Applicants to the BNF Drummond Early Career Scientist Award are judged on their contributions to nutrition science, the scientific merit and clarity of communication of their work, as well as their potential to become future leaders in the field. The award is open to students who are currently studying human nutrition, or a related field, as well as those within three years of completing an MSc or PhD in these areas.

For winning first prize Dr Kouw will receive a year’s online subscription to Nutrition Bulletin, the official journal of the BNF plus a £500 honorarium. Dr Kouw, along with runners-up, Dr Smith and Dr Olsen, has also been invited to write a review paper for the BNF Drummond Early Career Scientist Award section of Nutrition Bulletin, which will be published online in November and in print in December.

The awards are made possible due to BNF’s management of the Drummond Memorial Fund, which was established in 1954 to commemorate the work and efforts of Sir Jack Drummond, who made significant contributions to developments in the application of nutrition science for public health.

The BNF’s Science Director, Sara Stanner, commented: “The BNF Drummond Early Career Scientist Award is one of only two awards in the UK to celebrate the achievements of early career scientists working in the field of nutrition, and it’s fantastic to have received such high quality applications from all around the globe – with submissions from the UK, Italy, The Netherlands, Denmark, Australia and the USA. In today’s competitive research environment, awards like this play an important role in identifying excellence at the early career stage and help to pave the way for potential leaders of the future, attracting the funding and support they need to develop their research.”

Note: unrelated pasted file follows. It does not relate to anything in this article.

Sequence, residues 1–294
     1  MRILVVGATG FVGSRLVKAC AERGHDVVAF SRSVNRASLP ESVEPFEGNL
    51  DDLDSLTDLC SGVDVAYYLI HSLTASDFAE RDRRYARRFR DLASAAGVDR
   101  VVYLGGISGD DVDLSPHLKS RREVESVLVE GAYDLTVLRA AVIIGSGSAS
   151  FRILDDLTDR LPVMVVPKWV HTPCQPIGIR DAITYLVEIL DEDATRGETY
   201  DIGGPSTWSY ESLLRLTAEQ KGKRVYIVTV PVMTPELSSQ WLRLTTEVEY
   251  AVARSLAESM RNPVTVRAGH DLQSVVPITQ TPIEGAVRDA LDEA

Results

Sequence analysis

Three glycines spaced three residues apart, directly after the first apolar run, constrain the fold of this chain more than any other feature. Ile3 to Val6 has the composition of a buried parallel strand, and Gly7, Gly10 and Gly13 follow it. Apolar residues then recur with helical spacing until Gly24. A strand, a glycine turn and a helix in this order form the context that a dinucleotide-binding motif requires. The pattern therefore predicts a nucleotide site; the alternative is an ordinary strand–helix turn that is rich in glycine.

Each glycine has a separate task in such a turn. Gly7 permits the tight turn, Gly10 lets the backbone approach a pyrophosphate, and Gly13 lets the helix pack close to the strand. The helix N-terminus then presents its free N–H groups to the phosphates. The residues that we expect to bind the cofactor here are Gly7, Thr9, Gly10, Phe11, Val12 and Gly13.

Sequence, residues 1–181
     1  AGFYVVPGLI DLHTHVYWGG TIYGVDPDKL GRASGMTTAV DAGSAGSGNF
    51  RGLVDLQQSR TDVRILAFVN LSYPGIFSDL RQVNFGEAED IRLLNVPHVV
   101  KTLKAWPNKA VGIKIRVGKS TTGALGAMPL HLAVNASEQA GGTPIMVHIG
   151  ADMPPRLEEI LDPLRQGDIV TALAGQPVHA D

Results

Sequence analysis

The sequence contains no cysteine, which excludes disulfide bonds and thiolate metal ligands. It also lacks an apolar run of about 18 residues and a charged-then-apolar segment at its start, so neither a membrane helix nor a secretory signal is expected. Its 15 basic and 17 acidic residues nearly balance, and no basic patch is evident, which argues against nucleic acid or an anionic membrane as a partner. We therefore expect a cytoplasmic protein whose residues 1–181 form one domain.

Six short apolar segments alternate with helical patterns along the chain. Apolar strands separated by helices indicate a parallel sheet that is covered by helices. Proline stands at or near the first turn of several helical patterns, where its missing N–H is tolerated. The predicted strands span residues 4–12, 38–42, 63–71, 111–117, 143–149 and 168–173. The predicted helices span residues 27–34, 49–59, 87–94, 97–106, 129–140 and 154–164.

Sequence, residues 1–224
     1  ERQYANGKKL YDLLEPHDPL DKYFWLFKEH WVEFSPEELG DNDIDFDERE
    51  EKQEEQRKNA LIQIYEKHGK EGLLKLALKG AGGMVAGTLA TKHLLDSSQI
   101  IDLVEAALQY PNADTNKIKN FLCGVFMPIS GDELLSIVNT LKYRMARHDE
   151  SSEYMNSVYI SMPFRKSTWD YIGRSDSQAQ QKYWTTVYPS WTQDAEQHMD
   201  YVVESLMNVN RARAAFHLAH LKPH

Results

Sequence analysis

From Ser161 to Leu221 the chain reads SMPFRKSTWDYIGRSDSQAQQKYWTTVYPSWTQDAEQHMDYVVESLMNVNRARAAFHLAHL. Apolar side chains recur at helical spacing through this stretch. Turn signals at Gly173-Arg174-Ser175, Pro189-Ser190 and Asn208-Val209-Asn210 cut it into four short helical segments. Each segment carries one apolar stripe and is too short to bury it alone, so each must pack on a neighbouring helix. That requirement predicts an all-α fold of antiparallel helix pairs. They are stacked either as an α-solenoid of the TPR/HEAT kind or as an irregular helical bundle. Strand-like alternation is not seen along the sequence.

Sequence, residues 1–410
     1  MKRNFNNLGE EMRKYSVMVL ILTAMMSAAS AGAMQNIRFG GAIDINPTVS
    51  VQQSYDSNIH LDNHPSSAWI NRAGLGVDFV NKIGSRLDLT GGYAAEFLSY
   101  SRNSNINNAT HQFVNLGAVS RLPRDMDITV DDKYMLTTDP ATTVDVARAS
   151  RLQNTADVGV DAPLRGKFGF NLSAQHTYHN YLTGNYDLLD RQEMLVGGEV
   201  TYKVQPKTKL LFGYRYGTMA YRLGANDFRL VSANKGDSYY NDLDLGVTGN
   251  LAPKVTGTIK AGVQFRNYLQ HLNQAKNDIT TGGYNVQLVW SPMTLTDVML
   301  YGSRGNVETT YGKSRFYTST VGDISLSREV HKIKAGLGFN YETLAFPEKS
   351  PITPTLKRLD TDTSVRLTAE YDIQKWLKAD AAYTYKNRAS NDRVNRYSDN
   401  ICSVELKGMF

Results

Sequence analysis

This year’s BNF Drummond Early Career Scientist Award winners and runners up will be celebrated at the BNF Annual Day in November.

 

ENDS

 

For further information and high-resolution images please contact [email protected], 07818040144

Image caption 1: Dr Imre Kouw, Post-doctoral Research Fellow, Exercise and Nutrition Research Program, Mary MacKillop Institute for Health Research, Australian Catholic University

Image caption 2: Dr Taryn Smith, Post-doctoral Research Fellow, Institute for Global Nutrition, University of California Davis

Image caption 3: Dr Nanna Julie Olsen, Post-doctoral Research Fellow, Research Unit for Dietary Studies, Parker Institute, Bispebjerg and Frederiksberg Hospital

About the British Nutrition Foundation (BNF)

Making nutrition science accessible to all.

BNF was established 50 years ago and exists to deliver authoritative, evidence-based information on food and nutrition in the context of health and lifestyle. The Foundation’s work is conducted and communicated through a unique blend of nutrition science, education and media activities. BNF’s strong governance is broad-based but weighted towards the academic community. BNF is a registered charity that attracts funding from a variety of sources, including contracts with the European Commission, national government departments and agencies; food producers and manufacturers, retailers and food service companies; grant providing bodies, trusts and other charities. Further details about our work, governance and funding can be found on our website (www.nutrition.org.uk) and in our Annual Reports.